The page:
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The End of Theory: Financial Crises, the Failure of Economics, and the Sweep of Human Interaction

The End of Theory: Financial Crises, the Failure of Economics, and the Sweep of Human Interaction

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Key Metrics

  • Richard Bookstaber
  • Princeton University Press
  • Hardcover
  • 9780691169019
  • 9.3 X 6.1 X 1 inches
  • 1.15 pounds
  • Business & Economics > Economics - Theory
  • English
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Book Description

An in-depth look at how to account for the human complexities at the heart of today's financial system

Our economy may have recovered from the Great Recession--but not our economics. In The End of Theory, Richard Bookstaber discusses why the human condition and the radical uncertainty of our world renders the standard economic model--and the theory behind it--useless for dealing with financial crises. What model should replace it? None. At least not any version we've been using for the past two hundred years. Instead, Bookstaber argues for a new approach called agent-based economics, one that takes as a starting point the fact that we are humans, not the optimizing automatons that standard economics assumes we are.

Bookstaber's groundbreaking paradigm promises to do a far better job at preventing crises and managing those that break out. As he explains, our varied memories and imaginations color our economic behavior in unexpected hues. Agent-based modeling embraces these nuances by avoiding the mechanistic, unrealistic structure of our current economic approach. Bookstaber tackles issues such as radical uncertainty, when circumstances take place beyond our anticipation, and emergence, when innocent, everyday interactions combine to create sudden chaos. Starting with the realization that future crises cannot be predicted by the past, he proposes an approach that recognizes the human narrative while addressing market realities.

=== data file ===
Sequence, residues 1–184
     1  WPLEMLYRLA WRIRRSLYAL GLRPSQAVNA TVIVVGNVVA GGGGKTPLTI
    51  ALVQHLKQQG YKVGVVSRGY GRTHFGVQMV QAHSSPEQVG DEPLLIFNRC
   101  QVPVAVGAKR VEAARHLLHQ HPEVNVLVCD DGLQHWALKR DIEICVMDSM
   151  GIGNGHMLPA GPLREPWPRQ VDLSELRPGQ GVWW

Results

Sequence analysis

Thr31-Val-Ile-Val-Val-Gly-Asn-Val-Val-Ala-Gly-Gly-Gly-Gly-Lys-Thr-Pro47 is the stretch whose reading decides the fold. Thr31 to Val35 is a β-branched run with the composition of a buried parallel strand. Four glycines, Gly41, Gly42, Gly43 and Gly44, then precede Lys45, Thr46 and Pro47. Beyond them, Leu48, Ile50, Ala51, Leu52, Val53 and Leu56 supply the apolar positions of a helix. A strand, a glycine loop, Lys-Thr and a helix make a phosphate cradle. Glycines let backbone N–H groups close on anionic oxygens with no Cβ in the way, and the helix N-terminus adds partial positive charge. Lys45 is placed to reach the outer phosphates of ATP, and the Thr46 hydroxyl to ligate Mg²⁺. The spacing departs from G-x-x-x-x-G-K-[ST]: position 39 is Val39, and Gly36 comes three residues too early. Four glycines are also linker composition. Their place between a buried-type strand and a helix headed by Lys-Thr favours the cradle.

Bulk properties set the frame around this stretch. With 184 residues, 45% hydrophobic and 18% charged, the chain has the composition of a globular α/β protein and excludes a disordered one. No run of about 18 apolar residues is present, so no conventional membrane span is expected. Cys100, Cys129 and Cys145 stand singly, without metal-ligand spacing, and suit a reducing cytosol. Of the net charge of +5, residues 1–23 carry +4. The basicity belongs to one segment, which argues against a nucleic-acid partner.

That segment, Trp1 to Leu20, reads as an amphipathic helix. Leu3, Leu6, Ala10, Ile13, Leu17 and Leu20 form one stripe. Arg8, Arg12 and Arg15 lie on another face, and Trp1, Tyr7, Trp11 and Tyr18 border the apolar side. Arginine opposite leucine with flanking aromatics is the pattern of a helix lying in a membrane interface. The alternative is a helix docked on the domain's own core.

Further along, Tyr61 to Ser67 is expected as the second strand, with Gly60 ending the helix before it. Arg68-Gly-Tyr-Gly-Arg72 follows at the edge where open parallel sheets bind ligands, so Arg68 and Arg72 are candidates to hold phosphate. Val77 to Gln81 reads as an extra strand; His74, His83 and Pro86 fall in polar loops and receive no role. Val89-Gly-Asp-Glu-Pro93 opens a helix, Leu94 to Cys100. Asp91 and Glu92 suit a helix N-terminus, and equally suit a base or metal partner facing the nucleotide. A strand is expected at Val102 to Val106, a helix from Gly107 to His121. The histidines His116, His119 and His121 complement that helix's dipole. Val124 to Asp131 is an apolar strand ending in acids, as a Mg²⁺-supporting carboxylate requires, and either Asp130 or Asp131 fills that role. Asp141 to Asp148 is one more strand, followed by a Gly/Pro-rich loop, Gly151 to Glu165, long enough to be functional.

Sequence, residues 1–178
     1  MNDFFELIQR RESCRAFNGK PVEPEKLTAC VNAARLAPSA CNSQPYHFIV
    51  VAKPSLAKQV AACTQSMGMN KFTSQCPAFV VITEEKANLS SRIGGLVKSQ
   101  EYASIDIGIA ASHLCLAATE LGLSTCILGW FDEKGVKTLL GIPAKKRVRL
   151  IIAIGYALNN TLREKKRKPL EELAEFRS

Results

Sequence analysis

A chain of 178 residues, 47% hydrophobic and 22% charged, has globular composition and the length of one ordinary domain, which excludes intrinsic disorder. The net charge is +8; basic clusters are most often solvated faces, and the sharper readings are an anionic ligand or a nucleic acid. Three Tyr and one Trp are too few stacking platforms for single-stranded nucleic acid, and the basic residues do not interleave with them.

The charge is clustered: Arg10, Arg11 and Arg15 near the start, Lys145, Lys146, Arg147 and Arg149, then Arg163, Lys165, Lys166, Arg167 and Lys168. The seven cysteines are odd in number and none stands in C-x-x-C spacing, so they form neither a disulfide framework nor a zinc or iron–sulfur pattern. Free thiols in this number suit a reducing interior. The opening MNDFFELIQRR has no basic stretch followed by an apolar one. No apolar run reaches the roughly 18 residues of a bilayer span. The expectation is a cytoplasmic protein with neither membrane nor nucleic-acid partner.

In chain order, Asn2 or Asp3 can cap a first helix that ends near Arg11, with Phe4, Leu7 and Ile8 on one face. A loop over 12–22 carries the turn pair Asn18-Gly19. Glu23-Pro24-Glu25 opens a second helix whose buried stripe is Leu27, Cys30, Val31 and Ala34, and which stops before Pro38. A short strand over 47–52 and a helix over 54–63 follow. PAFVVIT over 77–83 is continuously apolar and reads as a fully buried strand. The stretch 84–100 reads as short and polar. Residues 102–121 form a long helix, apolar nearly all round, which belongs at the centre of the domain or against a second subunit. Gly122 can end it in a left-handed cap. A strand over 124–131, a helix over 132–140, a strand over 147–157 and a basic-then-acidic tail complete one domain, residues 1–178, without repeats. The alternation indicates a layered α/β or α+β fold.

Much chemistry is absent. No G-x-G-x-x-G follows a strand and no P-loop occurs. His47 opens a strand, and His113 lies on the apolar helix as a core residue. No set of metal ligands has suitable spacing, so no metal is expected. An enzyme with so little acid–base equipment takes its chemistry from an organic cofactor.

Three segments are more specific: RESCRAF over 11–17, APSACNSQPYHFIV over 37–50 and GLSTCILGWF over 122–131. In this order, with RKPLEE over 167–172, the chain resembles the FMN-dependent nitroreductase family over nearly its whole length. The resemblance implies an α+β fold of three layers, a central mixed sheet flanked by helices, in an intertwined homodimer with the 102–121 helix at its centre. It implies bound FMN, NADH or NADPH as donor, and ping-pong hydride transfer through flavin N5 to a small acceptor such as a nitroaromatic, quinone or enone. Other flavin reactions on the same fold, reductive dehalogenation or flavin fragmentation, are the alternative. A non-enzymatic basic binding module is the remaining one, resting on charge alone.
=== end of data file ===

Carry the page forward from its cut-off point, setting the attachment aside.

Sweeping aside the historic failure of twentieth-century economics, The End of Theory offers a novel and innovative perspective, along with a more realistic and human framework, to help prevent today's financial system from blowing up again.

The End of Theory: Financial Crises, the Failure of Economics, and the Sweep of Human Interaction

Author Bio

I am the author of The End of Theory (2017, Princeton University Press), which critiques the applicability of economics in dealing with financial crises, and proposes an alternative paradigm using agent-based models. I am also the author of A Demon Of Our Own Design (2007), a book highlighting the fragility of the financial system that occurs from tight coupling and complexity. The book is noted for its foreshadowing of the financial crisis of 2007–08.

Why the blog title, This Is the End? Because most of my career has been in risk management, and it is thus in my nature to be looking at the downside of the markets, and that sometimes bleeds out into the world in general.

I have worked in risk management with chief risk officer roles on both the buy-side at Moore Capital and Bridgewater, and on the sell-side at Morgan Stanley and Salomon, and from 2009 to 2015 I served in the public sector at the SEC and the U.S. Treasury, drafting the Volcker Rule, building out the risk management structure for the Financial Stability Oversight Council, and developing an agent-based model to assess financial vulnerabilities.

These roles have put me at the center of some of the critical crises of the last three decades – working with portfolio insurance during the 1987 Crash while at Morgan Stanley, overseeing risk at Salomon during the 1998 failure of Long-Term Capital Management (dubbed “Salomon North”), and with the aftermath of the 2008 Crisis while in the regulatory sphere.

Currently, I am the Chief Risk Office for the Office of the CIO at the University of California, overseeing their $120 billion pension and endowment portfolios. In this role I am continuing to apply agent-based models for risk management.

I received a Ph.D. in economics from MIT.

I live in New York, making frequent trips out to California for my work. As you will detect from my posts under Sports, I spend a lot of my free time with Brazilian Jiu Jitsu. I am also working on a book that looks at the rise and fall of civilizations through the lens of complexity.

 

Source: rick.bookstaber.com

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